Regulators mull easing lending restrictions

By Gerv Tacadena

Regulators in Australia might ease lending restrictions if the house price declines accelerates faster-than-expected

Regulators in Australia may start unscrewing the bolts they placed on lending should the downtrend in recent home values in Australia unexpectedly accelerates.

In a report in Australian Financial Review, federal treasurer Scott Morrison said the government is closely observing the residential real estate market, ready to revised home lending restriction rules when push comes to shove.

"The great thing about these macroprudential controls, as opposed to a structural change to your tax system, is that they are completely malleable," he noted.

Also Read: Why lenders are to blame for increasing mortgage stress

Morrison said he regularly convenes heads of the Australian Prudential Regulation Authority (APRA), Reserve Bank of Australia (RBA), and the Australian Securities and Investments Commission (ASIC) to discuss market conditions.

The treasurer noted that while APRA's restrictions over the past year to establish limits on interest-only loans and investor loans have been effective, these rules could undergo revision depending on market conditions.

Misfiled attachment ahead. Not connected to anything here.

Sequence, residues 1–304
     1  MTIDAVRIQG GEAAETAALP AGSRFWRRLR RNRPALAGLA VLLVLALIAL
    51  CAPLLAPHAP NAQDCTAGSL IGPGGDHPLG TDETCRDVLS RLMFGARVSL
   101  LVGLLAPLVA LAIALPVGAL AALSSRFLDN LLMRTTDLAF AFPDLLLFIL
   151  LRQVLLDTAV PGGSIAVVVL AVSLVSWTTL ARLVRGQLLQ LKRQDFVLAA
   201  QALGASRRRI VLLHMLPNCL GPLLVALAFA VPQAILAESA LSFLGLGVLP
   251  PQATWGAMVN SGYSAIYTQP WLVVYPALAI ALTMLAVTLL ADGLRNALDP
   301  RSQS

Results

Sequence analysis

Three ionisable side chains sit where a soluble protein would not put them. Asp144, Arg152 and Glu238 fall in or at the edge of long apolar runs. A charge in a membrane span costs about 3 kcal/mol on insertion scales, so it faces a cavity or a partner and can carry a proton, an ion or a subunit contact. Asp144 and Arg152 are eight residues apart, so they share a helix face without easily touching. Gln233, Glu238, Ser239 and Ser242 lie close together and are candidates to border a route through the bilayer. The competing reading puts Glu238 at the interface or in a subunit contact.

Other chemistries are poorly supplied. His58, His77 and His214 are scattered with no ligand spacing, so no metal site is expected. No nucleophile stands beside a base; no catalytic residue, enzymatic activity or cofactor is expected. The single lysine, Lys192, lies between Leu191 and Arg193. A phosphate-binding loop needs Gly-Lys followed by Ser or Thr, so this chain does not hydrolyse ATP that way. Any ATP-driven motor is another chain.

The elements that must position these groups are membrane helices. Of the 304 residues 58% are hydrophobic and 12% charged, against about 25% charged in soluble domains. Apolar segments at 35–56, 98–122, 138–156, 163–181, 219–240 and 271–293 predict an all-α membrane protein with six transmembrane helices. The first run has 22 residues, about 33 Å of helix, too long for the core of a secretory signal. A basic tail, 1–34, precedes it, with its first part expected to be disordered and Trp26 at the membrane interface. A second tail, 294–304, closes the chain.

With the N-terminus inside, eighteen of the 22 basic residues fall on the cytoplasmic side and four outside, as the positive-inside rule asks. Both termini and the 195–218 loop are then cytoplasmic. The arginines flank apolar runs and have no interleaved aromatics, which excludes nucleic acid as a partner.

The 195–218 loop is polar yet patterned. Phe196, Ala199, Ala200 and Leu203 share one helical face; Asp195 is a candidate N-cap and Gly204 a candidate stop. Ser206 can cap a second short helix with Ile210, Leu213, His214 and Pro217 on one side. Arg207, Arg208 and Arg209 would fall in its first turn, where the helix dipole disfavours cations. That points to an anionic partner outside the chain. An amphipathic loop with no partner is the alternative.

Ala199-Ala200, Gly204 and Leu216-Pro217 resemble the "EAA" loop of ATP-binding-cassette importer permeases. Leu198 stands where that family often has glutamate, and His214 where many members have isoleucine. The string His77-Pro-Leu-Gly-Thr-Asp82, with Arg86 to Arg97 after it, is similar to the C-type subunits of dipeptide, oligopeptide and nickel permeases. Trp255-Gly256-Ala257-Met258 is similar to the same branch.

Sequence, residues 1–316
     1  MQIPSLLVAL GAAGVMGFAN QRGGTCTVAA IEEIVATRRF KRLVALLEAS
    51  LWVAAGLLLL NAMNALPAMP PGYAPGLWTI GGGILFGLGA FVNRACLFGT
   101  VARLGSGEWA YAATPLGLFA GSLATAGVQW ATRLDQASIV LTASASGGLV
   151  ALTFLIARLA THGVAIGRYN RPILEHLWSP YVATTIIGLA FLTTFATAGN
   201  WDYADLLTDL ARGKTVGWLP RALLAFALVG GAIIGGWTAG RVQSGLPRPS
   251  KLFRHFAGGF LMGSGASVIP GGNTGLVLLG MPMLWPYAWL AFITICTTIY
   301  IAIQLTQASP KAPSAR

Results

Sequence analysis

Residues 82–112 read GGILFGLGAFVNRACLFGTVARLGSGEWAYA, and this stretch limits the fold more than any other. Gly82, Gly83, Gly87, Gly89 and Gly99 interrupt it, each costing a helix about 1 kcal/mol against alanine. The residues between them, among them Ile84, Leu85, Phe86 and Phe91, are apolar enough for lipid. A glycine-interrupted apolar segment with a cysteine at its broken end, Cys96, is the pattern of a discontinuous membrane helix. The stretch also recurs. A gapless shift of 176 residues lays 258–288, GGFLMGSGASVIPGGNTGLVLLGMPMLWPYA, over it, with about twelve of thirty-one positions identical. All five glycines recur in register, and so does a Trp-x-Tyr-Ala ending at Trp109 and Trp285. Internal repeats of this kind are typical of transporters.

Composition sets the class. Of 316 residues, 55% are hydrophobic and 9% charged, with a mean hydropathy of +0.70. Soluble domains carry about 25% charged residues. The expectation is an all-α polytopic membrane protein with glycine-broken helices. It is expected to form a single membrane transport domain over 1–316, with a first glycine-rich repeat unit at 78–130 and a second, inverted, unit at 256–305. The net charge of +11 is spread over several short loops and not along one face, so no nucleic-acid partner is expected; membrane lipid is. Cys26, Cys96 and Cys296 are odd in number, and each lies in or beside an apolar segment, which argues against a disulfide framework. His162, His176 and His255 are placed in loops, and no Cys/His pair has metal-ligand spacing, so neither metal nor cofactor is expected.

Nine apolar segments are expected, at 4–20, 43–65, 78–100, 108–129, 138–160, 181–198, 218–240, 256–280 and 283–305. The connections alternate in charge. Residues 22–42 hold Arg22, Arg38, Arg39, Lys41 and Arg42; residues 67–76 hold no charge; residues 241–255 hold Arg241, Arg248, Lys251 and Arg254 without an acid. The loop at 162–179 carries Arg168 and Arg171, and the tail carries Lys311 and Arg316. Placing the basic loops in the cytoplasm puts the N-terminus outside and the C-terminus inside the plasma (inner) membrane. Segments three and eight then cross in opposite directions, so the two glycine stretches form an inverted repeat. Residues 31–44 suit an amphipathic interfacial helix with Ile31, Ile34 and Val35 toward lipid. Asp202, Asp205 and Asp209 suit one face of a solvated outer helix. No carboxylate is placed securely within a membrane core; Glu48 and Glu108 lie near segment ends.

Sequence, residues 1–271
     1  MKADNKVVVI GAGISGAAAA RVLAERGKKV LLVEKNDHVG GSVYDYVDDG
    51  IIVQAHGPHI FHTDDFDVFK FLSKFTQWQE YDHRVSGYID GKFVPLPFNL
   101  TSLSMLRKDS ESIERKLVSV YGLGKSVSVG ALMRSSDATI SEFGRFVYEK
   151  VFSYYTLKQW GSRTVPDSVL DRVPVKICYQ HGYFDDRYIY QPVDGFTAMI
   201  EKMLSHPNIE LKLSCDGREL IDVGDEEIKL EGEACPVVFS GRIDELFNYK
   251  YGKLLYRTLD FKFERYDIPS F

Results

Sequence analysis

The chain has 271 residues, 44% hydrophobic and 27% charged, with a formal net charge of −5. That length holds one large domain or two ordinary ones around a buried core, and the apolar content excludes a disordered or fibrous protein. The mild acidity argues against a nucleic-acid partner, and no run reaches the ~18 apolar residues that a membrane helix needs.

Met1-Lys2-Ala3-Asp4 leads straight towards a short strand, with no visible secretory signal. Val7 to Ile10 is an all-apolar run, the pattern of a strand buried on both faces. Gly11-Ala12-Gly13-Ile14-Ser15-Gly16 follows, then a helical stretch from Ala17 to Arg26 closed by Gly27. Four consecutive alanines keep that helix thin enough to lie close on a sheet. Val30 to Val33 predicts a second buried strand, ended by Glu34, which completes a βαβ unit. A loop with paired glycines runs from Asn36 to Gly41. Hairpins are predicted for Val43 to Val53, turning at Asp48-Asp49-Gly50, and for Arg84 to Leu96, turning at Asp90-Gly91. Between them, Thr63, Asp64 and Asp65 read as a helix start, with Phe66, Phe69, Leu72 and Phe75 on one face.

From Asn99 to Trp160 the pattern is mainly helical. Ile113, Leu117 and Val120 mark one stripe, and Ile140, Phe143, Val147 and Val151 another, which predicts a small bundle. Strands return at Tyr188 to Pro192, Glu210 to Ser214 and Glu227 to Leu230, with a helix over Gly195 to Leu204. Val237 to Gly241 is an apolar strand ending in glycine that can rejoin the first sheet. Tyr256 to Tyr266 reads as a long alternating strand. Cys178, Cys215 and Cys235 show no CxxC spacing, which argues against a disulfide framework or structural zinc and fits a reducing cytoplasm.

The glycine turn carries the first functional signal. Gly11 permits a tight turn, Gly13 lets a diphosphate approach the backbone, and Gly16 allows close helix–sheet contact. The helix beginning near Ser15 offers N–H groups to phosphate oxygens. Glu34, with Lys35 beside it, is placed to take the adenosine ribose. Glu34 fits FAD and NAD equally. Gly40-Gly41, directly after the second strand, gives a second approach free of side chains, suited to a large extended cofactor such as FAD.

Last year, APRA limited the flow of interest-only loans to 30% of new mortgage loans. It also introduces a 10% annual growth cap on investor loans.

"You can target them, you can fine tune – you can pull them back, you can push them forward, you can watch them all the time," Morrison said.

This sentiment came after Sydney prices edged lower in recent months while Melbourne's once robust market lost its lustre. According to CoreLogic, Sydney house prices have already declined by 3.1% since the market's peak in July.  Melbourne prices, on the other hand, have flattened out since late last year.

Meanwhile, Morrison flagged potential dangers of the plan to abolish negative gearing.

"You change the tax system structurally through a Parliament, you know, you're burning your bridges. And if it goes bad – and I think the risks are there, I've articulated them – no coming back from that," he said.

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